Bridges, June 26, 2020


Excerpt from 6/22/20 article “Covid-19 Worsens Danger Hardships People Face Conflict Zones”, by Chris Herlinger, used with permission

In Syria, a health threat to a country at war

Syria is dealing with the pandemic in the midst of continued war and international sanctions – with more expected to come – that have brought the country’s economy to its knees.

“We’ve lived through all kinds of bad conditions: lack of food, fuel, shelling,” said Sr. Annie Demerjian, a member of the congregation Sisters of Jesus and Mary , interviewed by telephone from the Syrian capital of Damascus. It has been difficult to “worry about something else, because we have been through a lot, it’s too much of a burden. Syria deserves peace.”

A June 12 Associated Press report said the extent of the coronavirus’ toll in Syria is not known. “Testing is lacking and authorities have reported only 152 cases and six deaths in government-controlled parts of the country,” the AP reported.

Demerjian said she has heard a figure of 164 cases, and that 68 people have recovered, as of June 17. Whatever the numbers, Demerjian believes authorities handled a two-month lockdown wisely, but added that the overall situation remains dire. “People are so tired,” she said.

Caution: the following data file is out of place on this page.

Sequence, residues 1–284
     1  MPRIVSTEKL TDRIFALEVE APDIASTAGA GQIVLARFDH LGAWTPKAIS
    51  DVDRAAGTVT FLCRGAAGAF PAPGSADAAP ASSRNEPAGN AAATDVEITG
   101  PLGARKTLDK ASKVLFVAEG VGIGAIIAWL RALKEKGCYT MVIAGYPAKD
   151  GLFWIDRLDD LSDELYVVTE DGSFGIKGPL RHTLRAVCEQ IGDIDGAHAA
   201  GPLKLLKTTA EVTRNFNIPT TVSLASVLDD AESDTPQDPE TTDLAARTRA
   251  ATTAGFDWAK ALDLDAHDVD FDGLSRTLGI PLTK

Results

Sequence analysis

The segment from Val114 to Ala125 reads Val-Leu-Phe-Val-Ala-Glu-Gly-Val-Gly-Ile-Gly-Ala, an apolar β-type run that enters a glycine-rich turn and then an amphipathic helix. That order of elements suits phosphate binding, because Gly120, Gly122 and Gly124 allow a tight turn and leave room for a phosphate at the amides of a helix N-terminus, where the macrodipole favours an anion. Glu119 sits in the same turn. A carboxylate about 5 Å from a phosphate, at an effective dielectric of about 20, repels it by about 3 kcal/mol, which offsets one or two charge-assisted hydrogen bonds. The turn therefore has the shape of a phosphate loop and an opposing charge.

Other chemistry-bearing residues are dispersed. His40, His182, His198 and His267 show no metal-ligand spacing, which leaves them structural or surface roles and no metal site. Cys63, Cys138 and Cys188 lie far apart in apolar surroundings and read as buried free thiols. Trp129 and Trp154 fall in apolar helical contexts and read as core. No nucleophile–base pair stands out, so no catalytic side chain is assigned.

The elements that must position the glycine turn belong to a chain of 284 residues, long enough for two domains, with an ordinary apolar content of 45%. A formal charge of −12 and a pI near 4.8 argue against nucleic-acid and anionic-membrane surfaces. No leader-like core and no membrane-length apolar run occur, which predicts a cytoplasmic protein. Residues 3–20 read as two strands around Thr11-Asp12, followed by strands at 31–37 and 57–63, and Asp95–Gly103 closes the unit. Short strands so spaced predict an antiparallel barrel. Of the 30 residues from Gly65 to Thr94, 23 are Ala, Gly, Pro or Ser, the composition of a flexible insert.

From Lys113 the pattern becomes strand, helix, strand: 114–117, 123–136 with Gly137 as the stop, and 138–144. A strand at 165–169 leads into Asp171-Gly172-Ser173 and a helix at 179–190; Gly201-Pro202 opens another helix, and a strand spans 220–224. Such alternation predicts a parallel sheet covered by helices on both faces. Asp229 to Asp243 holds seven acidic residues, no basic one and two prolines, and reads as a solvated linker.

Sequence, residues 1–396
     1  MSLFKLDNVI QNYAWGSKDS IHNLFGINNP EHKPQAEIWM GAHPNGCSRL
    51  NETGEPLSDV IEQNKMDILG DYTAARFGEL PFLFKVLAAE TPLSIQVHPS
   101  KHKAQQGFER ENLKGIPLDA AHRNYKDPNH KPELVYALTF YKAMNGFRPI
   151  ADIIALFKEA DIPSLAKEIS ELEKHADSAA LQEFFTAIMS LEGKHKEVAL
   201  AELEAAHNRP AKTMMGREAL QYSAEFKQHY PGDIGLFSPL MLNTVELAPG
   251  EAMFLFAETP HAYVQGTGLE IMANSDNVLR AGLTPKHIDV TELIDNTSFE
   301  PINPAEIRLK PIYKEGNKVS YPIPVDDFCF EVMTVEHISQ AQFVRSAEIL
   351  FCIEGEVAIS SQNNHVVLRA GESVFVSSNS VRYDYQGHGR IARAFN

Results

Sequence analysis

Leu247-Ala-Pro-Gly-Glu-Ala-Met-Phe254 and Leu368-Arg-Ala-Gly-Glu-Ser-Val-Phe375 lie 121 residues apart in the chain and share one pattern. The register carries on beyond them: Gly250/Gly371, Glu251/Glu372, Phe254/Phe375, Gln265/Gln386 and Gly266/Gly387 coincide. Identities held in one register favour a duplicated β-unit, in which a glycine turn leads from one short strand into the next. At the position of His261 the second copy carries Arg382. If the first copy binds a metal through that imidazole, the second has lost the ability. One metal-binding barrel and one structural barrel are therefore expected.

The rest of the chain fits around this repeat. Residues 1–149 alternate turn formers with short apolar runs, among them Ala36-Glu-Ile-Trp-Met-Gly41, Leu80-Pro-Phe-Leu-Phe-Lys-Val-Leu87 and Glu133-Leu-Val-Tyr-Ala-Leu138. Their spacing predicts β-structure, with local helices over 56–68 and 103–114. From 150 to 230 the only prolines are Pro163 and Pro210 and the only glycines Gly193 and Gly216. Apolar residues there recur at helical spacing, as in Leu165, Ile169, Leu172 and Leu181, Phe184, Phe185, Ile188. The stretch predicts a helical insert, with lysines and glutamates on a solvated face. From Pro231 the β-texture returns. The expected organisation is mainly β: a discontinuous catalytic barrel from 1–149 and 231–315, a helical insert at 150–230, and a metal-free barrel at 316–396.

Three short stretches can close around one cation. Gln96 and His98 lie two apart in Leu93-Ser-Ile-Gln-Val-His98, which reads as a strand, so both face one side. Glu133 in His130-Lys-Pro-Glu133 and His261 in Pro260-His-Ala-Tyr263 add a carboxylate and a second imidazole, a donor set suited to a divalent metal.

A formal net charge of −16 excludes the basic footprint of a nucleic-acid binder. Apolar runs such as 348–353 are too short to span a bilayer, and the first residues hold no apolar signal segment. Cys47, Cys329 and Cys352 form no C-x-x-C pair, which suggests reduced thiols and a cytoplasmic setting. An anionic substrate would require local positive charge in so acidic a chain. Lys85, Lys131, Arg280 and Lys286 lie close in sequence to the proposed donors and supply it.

The war-related humanitarian ministry Demerjian and others in her congregation have provided – such as food and cash assistance, as well as a microcredit program – continues, but in a more limited way because the lockdown has made reaching people difficult.

“The coronavirus has paralyzed life in the city,” she said, adding that hunger is a reality for many, and that some have taken to social media to offer a kidney or an eye as a way to make money.

Paradoxically, during the worst of the war, from 2011 to about 2018, emergency assistance provided more food to people than now.

“More sanctions, coronavirus,” Demerjian said. “It’s like you’re trying to kill these people, there is no life for them anymore. Is it right to do that?”

Such pleas are ultimately about the need for peace, with some still hoping that nations and warring factions will heed the call of U.N. Secretary General Guterres and “put armed conflict on lockdown.”

The full article is attached to Bridges and also available online.

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